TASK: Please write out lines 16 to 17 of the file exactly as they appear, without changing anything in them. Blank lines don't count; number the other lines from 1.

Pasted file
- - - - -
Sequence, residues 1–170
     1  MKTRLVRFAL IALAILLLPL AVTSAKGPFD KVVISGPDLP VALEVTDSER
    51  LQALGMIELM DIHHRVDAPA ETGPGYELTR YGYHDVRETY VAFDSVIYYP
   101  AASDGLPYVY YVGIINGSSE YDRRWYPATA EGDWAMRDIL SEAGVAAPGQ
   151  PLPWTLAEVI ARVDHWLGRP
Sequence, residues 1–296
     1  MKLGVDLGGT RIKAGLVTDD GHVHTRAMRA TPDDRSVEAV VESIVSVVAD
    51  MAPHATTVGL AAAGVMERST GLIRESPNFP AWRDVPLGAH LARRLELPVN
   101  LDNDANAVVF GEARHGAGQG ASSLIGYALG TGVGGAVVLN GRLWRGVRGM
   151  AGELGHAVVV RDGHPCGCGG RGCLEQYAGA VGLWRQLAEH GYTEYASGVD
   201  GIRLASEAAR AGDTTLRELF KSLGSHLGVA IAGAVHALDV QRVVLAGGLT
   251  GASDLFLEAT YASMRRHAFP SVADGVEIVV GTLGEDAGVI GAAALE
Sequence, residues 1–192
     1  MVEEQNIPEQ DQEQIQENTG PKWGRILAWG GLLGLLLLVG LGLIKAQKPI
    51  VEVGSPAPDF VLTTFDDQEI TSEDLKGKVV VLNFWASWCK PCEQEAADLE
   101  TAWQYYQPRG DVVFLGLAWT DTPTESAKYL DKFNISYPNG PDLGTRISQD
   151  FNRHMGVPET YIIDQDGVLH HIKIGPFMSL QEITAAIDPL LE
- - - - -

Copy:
   101  TAWQYYQPRG DVVFLGLAWT DTPTESAKYL DKFNISYPNG PDLGTRISQD
   151  FNRHMGVPET YIIDQDGVLH HIKIGPFMSL QEITAAIDPL LE